Four compression fractures in my back, mercifully stable, from a van rollover weeks before. Driver fell asleep, pushed too hard to get back to Shabaqua after a crappy planting contract in Alberta. A broken back, fractured skull, popped breastbone, uncounted stitches in my neck and arm, and daily, humbling bed baths as I recover at my parents’ house. When the X-ray clears me for a shower, I nearly cry in front of the doctor. Thirty minutes later, I drop the hideous, jaundiced back brace to the bathroom floor. Naked and upright for the first time in weeks, fragile as a seedling planted in too little soil. A plastic chair in the tub. An unlocked door. My mom just outside the bathroom. Thirty minutes of slow-motion cleansing, the steam bright in my lungs; at the end, my skin wrinkled and pink.
September 1997 Hamilton
Trouble getting the mud out of my tenderest places. Frosh at twenty-four years old, a second shot at a college education. The school labels me “Mature Student,” says it with a kind of reverence. The orientation committee gives us Kermit-green T-shirts, but I wear mine only to the final event, a mini-Olympics where the frosh complete ridiculous tasks. I find myself following the teens into the muck at the final whistle, and there is much laughter, slung mud, and gawking at all that wet, clingy clothing. Later, in the shower, I wash out my stinging eyes and watch the grit move toward the drain. Earthy steam fills the bathroom and fogs the mirror, and I wonder about the embarrassing persistence of peer pressure.
March 2006 Amman, Jordan
Above-average temperatures, a sweaty half-marathon down to the Dead Sea. Body-lube and sport sunscreen not up to the task. Sunburnt shoulders and neck, wicked chafing in sensitive spots. My pride fighting against the dizziness and nausea of early heat exhaustion. I can barely stomach the bottled water they put in my hands at the finish line. I plunge into the salt water, float like all the other tourists, endure the stinging reality of the distance-wounds I’ve earned. The inland sea’s greasy residue is hard to scrub off in the shower, the rash between my legs reminding me for days of my salty victory bath.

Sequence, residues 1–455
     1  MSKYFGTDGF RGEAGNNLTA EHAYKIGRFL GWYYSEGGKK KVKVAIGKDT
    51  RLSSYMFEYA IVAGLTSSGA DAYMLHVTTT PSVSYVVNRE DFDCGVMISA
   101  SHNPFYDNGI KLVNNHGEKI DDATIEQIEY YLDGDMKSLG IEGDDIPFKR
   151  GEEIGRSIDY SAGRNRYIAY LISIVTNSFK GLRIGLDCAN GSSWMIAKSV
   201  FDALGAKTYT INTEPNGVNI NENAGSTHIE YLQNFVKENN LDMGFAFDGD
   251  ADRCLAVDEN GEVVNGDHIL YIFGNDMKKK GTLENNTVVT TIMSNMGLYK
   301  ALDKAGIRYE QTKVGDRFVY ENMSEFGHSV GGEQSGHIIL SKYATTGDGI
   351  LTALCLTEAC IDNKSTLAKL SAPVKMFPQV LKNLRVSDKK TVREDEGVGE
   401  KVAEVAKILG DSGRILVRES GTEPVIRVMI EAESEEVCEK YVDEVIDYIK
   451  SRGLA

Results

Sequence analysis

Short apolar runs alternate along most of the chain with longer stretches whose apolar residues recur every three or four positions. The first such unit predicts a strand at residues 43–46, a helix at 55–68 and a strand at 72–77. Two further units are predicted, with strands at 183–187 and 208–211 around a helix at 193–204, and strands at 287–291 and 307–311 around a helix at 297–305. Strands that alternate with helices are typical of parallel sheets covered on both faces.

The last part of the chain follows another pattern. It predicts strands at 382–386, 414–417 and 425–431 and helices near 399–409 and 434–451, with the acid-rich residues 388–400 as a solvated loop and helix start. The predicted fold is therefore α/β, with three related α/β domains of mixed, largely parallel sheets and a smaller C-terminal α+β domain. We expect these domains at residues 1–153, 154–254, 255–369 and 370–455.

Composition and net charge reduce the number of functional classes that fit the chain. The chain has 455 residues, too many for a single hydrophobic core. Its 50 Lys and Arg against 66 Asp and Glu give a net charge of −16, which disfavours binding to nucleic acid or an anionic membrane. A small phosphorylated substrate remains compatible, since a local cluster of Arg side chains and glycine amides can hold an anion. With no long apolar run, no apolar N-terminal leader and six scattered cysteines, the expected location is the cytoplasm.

December 2010 Mt. Kinabalu, Malaysia
Altitude sickness plays havoc with my bowels as I summit Lowe’s Peak. The next day, frequent pauses on the descent, clenching, hoping. Mostly successful. An aching, self-conscious van ride back into KK, the other passengers mercifully silent about my stink. Straight to the shower after checking in at the hotel, the hot water at once a soothing godsend and knot-untying curse. Alone with my mess, my wrenched intestines, and all the time I need to feel clean again.
March 2013 Hamilton
Thirty-six hours of labour and then an emergency C-section when the baby’s heart rate falls. I tried so hard, my wife says as the nurses prepare her for surgery. In the OR, I sit by her head as the doctor cuts and tugs and speaks softly to his team. Then, those first cries. My wife is afraid she’ll drop the baby when the nurses bring her over, I can’t keep my eyes open—can you take her? Later, while my wife rests, the nurse asks if I’d like to help bathe our newborn daughter. A slick, squalling little catfish writhing against the newness of it all. There is a night of interrupted sleep. The next day I walk my wife to the shower. Delicate movements on swollen feet. Under blinding, industrial lights I help her undress. Dried blood, almost black, fringes the C-section scar. New blood runs down her leg and drips onto the tile. The rush of water and steam. The privilege of speaking quietly, washing her shoulders, her back, the incision, my hands and arms wet in the spray.
Brent van Staalduinen is an award-winning writer who lives and writes in Hamilton, Ontario. He is the author of SAINTS, UNEXPECTED, a novel of urban magical realism, published by Invisible Publishing in the spring of 2016. His work also appears or is forthcoming in The Fiddlehead, The Sycamore Review, Prairie Fire Magazine, The Prairie Journal, EVENT Magazine, The Dalhousie Review, The New Quarterly, and numerous other notable journals. He is a graduate of the Humber School for Writers, holds an MFA in creative writing from the University of British Columbia, and teaches creative writing at Redeemer University College.